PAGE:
Margaret Barker (born 1944), a Methodist preacher, studied theology at the University of Cambridge, after which she has devoted her life to research in ancient Christianity. She has developed an approach to biblical studies known as Temple Theology. She was president of the Society for Old Testament Study in 1998, and in July 2008 she was awarded the degree of Doctor of Divinity by the Archbishop of Canterbury.
Temple Theology is an approach to biblical studies developed by Margaret Barker in her books starting from The Great High Priest (2003) and Temple Theology (2004). This approach identifies some elements of the theology and worship of the Jewish First Temple that endured beyond Josiah's reform and survived in both early Christian theology and liturgy and in gnosticism. According to this view Temple Theology has been influential in molding the roots of Christianity as well as, or even more than, Hellenistic or synagogue culture.
According to Barker, the main ideas of Temple Theology are the following:
- understanding the First Temple as the figure of the whole universe: the inner court (the sea) to be the figure of the pagans, the Holy (the earth) to be the figure of the Jewish people and the Holy of Holies (the heaven) to be the figure of the Garden of Eden;
- entering the Holy of the Holies is a mystical experience that transforms man into an angel (theosis), thus entering the Garden of Eden and giving knowledge to understand creation. This idea is related to the Resurrection;
- the main aim of the liturgy, and in particular of the Day of Atonement, was to maintain the Creation.
- The Lord (Yahweh), the God of Israel, was the Son of God Most High. Jesus, from the very beginning, was recognized as the Lord in this sense.
- The early Christian liturgy incorporated many elements of the First Temple Liturgy: the liturgy of the bread of the Eucharist traces its roots in the Saturday offering of the bread (Leviticus 24:5-9) and the liturgy of the wine in the Day of Atonement.
Margaret Barker works from all the available sources (the Hebrew Bible, the Septuagint, the Dead Sea scrolls, the New Testament, the Jewish and Christian Apocrypha and Pseudepigrapha, Gnostic texts, and other early writings and artwork). According to her, Sola Scriptura - the doctrine that the Bible is the supreme authority in all matters of doctrine and practice - has hindered rather than helped the understanding of Christianity.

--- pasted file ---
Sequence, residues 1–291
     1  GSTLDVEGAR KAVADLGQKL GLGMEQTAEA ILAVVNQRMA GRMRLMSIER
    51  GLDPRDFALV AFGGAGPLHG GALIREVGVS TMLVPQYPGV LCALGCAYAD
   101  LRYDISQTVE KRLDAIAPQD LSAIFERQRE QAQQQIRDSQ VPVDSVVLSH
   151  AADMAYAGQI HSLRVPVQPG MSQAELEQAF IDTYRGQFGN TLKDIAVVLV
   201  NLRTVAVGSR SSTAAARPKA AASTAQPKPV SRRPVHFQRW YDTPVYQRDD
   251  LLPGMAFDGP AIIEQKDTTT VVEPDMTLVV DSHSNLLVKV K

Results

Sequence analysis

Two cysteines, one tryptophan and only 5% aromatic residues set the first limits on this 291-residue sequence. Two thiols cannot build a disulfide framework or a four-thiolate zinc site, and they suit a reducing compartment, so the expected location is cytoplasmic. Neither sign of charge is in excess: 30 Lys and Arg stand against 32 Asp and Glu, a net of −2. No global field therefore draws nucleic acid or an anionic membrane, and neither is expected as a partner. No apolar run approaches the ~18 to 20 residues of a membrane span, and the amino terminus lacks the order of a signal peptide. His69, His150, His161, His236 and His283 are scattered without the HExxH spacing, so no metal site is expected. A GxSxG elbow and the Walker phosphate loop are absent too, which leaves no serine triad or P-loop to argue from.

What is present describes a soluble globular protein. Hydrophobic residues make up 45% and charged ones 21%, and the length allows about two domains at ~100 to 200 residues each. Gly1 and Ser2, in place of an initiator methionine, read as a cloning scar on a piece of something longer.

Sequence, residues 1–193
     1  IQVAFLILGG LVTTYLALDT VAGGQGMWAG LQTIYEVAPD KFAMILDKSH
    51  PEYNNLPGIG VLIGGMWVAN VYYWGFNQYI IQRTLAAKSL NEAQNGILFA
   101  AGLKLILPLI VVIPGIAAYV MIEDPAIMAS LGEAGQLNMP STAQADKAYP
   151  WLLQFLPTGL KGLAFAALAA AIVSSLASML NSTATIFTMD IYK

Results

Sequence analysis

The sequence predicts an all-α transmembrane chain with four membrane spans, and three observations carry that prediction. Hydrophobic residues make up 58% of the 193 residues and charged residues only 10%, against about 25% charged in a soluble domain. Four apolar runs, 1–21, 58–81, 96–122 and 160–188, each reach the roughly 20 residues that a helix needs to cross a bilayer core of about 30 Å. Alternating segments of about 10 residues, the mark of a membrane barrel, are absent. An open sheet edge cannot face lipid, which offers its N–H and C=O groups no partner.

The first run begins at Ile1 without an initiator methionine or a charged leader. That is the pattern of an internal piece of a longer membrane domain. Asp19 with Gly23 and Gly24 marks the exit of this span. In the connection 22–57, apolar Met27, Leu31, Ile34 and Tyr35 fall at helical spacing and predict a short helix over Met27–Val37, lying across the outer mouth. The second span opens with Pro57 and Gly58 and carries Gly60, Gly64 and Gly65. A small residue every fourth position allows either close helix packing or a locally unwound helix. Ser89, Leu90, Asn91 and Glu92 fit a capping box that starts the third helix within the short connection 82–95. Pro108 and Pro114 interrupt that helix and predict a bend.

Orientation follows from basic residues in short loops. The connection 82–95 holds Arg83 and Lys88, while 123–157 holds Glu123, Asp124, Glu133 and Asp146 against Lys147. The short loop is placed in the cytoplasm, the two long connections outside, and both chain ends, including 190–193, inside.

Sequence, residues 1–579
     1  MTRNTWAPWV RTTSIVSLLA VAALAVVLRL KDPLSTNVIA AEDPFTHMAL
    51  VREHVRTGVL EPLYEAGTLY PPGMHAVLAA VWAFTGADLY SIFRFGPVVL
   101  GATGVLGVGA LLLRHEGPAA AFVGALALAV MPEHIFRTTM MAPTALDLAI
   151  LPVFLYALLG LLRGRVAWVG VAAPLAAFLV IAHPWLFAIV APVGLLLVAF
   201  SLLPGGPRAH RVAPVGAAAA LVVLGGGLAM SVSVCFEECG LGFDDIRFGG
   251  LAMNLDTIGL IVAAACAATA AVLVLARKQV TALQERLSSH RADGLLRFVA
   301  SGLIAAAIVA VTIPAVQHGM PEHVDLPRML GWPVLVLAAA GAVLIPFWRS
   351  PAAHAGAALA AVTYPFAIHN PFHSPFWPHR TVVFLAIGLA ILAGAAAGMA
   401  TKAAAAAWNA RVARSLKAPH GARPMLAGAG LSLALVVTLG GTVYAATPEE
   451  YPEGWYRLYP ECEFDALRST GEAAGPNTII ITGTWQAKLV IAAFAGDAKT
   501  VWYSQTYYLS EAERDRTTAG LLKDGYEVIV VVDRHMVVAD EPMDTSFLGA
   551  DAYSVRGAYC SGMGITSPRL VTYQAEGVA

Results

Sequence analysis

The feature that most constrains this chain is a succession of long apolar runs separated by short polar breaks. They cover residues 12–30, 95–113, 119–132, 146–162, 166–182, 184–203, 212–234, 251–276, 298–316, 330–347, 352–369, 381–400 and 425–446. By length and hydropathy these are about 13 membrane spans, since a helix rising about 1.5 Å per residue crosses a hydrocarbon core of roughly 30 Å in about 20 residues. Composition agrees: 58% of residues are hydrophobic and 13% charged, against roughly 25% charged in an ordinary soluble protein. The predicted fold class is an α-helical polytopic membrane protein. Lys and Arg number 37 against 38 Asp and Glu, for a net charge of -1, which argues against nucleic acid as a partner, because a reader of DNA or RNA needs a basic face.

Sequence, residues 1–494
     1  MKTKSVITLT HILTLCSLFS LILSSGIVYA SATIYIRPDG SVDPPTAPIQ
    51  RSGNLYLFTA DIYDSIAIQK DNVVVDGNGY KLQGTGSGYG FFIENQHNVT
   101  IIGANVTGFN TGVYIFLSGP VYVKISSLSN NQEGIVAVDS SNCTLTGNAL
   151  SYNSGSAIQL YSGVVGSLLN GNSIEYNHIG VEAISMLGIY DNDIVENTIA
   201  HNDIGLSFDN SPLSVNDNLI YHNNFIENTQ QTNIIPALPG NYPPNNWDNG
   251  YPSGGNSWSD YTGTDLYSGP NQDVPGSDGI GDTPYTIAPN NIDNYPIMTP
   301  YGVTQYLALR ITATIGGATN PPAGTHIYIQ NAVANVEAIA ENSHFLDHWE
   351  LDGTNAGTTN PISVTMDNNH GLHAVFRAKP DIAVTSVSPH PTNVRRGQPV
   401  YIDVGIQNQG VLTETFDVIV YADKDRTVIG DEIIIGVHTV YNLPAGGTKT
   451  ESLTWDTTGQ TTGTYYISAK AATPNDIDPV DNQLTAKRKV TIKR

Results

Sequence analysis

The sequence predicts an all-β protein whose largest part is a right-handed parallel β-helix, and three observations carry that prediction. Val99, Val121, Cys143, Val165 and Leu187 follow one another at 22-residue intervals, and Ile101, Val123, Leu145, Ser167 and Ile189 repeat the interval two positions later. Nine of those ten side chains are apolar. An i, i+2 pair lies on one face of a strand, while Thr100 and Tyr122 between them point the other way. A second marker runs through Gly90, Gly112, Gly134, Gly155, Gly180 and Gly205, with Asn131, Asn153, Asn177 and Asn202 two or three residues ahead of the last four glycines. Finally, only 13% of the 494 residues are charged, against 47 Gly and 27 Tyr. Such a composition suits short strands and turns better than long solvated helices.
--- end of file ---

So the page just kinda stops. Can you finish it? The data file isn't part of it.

- The Older Testament: The Survival of Themes from the Ancient Royal Cult in Sectarian Judaism and Early Christianity. London: SPCK, 1987. New edition Sheffield Phoenix Press, 2005 (ISBN 190504819X)
- The Lost Prophet: The Book of Enoch and Its Influence on Christianity. London: SPCK, 1988. New edition Sheffield Phoenix Press 2005 (ISBN 1905048181)
- The Great Angel: A Study of Israel's Second God. London: SPCK, 1992 (ISBN 0281045925)
- The Risen Lord: The Jesus of History as the Christ of Faith. Edinburgh: T&T Clark, 1996 (ISBN 0567085376)
- The Revelation of Jesus Christ. Edinburgh: T&T Clark, 2000 (ISBN 0567087166)
- The Great High Priest. The Temple Roots of Christian Liturgy. London and New York: T&T Clark/Continuum, 2003 (ISBN 0567089428)
- Temple Theology, London: SPCK 2004 (ISBN 028105634X)
- The Hidden Tradition of the Kingdom of God, London: SPCK 2007 (ISBN 0281058466)
- Temple Themes in Christian Worship, London: T&T Clark 2008 (ISBN 0567032760)
- Christmas The Original Story, London SPCK, 2008 (ISBN 0281060509)
- Creation: a Biblical Vision for the Environment, London: T&T Clark 2010 (ISBN 9780567015471)
- Temple Mysticism: An Introduction, London: SPCK 2011 (ISBN 9780281064830)
- "Margaret Barker (b. 1944), scholar". 4 Enoch. Retrieved 25 Nov 09. Check date values in:
- "Margaret Barker receives Doctorate from Lambeth Palace". T&T Clark, Publishers.
- "Lambeth Degrees". Faculty Office of the Archbishop of Canterbury.
- Dizdar, Drasko (2008). Sheer Grace. New York: Paulist Press. pp. 195–8. ISBN 978-0-8091-4517-1.
- Neal A. Maxwell Institute for Religious Scholarship: A Survey of Margaret Barker's Scholarship and its Significance for Mormon Studies
- Margaret Barker site